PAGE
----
Earth Day - 5 Easy ways to Shop Sustainably | Madewell Central Shirt and Leather Backpack
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Happy Earth day! What better way to celebrate than spend the day at the US Botanic Garden? I feel so fortunate that I have such a gorgeous greenhouse full of beautiful blooms and plants right in my neighborhood.
In honor of Earth Day, I wanted to share a few tips on very easy things anyone can do to shop more sustainably. If you’ve been following my blog for a while, you’ll know that I’ve made a commitment to sustainability this year by going on a one year shopping ban. Now, while that’s the most sustainable thing a person can do, it’s definitely not the easiest thing, nor is it necessarily the most practical one for everyone’s lifestyle. I’m here to talk about much easier things. Who knows? If you start doing at least some of these, you may be inspired to do harder things too!
Related post: One Year Shopping Ban
Shop Local and Shop Online
If you aren’t willing to completely cut off your shopping like I did, I suggest you guys shop local and shop online. Local boutiques and designers are always a great idea to support and they probably need your support more than, say, H&M or Forever 21 would. It’s also a great idea to shop online because about 22% of a garment’s climate impact comes from the consumer physically driving themselves to a store and trying on things, then driving to another store to that specific piece, then driving themselves home. So then, you may ask, why is buying online more sustainable? Because getting your piece delivered via Fedex, UPS, or eve USPS is quite similar to your clothes taking public transport to get to you. Plus, your clothes are probably going to come from a distribution center so it won’t go to the store at all and instead head straight to you. Frankly, online shopping impacts the environment much less than a brick-and-mortar store so if you’re going shopping, head to your computer instead!
Avoid Certain Fabrics and Buy These instead
Let me give you a quick rundown: polyester and all synthetic fibers (it’s pretty much just plastic thread) are harmful to the environment! They shed microfibers into waterways that do get into our food (think about the last time you had seafood, and you’ve probably ingested those fibers then). Acryllic fabrics are even more toxic to produce. Viscose rayon production is a major cause of rainforest destruction.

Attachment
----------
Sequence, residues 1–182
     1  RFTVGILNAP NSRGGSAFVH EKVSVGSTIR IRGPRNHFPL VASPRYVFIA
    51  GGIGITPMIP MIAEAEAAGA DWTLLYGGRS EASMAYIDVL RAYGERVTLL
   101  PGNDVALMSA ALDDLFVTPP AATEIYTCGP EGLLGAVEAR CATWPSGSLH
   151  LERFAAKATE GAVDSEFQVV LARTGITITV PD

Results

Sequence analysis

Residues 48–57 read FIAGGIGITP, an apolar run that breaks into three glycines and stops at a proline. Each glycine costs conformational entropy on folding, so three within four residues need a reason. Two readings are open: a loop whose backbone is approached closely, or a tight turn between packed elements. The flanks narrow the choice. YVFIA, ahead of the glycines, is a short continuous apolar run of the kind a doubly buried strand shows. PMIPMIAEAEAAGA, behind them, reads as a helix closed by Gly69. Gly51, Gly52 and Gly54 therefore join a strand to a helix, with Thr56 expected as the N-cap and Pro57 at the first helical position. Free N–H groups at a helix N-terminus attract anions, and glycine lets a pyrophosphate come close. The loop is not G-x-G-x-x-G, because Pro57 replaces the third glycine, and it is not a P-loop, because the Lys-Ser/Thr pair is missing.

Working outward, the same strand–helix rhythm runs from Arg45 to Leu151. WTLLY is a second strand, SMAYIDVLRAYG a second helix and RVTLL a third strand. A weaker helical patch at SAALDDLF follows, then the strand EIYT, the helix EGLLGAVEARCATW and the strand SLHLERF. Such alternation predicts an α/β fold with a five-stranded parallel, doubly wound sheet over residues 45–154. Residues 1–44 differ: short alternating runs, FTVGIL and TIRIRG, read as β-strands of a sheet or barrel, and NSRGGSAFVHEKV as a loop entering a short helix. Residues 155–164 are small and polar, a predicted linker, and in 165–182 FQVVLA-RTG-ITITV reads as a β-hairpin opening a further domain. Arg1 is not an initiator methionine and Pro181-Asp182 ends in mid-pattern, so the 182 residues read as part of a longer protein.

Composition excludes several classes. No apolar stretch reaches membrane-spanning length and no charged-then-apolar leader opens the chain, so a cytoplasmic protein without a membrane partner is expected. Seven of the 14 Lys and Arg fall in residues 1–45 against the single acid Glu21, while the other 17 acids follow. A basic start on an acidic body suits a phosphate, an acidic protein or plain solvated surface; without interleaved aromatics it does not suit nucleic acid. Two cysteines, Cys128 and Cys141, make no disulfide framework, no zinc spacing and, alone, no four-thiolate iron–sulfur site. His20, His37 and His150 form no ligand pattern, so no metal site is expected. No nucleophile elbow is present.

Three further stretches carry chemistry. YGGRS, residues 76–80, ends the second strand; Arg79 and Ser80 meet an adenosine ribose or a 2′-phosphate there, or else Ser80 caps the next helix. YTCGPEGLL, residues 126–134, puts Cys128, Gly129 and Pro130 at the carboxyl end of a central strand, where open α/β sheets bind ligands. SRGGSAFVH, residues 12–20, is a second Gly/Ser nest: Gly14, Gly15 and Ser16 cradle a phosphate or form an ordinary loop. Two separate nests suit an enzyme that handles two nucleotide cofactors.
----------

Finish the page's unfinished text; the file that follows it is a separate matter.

I know that these fabrics are hard to completely avoid and I am not saying that if you buy a piece of clothing with these materials in it you’re a bad person because obviously you’re not. I have pieces made of these materials too (I’m wearing them in this post, even) and throwing them out to end up in landfills is an even worse idea than wearing the crap out of them. Instead, towards the end of last year, I started buying pieces made of more sustainable materials instead like cotton, silk, wool, or linen. I wrote a whole piece on the environmental benefits of wearing linen. Polyester is also hard to avoid as a yogi and a regular runner so I’ve been looking for athletic clothes made of polyester made from recycled post-consumer products like bottles, carpets, and fishnets. Tencel is also a great alternative to viscose rayon so I really recommend that fabric if you can find it.
Related post: The Benefits of Linen | Linen Dress and Structured Coat
Seek out Ethical Brands
I’ve been talking about a bunch of ethical brands here on this blog - both expensive and affordable. That’s right, guys! Buying ethical clothes don’t have to break the bank! I’m planning out a post on some great ethical brands soon but there are lots of ethical and fair trade brands out there - some you may have heard of like Everlane or Reformation, and others that are more obscure like Nisolo or Lemlem. Do your research, or even better, search through my Friday Coffee Chat posts where I’m usually lusting after a piece made from a great ethical or fair-trade company!
I’ve talked a bit about how a lot of the things we donate to charities end up in a landfill so if you can buy these pieces before the end up there, we should!Thrifting has become a major trend and if you can do so and have access to thrift shops, have at it! A great tip from my mom on thrifting: go to the thrift store in a wealthy neighborhood and I guarantee you’ll find a much nicer selection of pieces there. If you’re into boutiquing, go to a consignment store! It’s more expensive than thrifting but it’s still more affordable than buying first-hand. Don’t have access to a thriftstore nearby? I feel you and I’ve been there. I recommend checking out thredUP! ThredUP is an online thrift store and if you remember me talking about how online shopping is better for the environment than driving, you can most assuredly do some guilt-free shopping there! I also recommend Poshmark, an online selling and buying app as most pieces you’ll find there are secondhand as well. The RealReal is also a great place to shop if you’re looking for something upscale (like a Chanel bag).
Related post: Marie Kondo…But Make it Sustainable | Bow Sweater and Comfy Jeans
If you have an event to attend, want to try out a new trend, or just feeling bored with your wardrobe, try renting your clothing! Renting clothes can really help you feel amazing while using fewer resources. I love Rent the Runway for formal events (I wore an Elizabeth and James dress for a ball a few years back) but there are also other great options like Le Tote or Style Lend!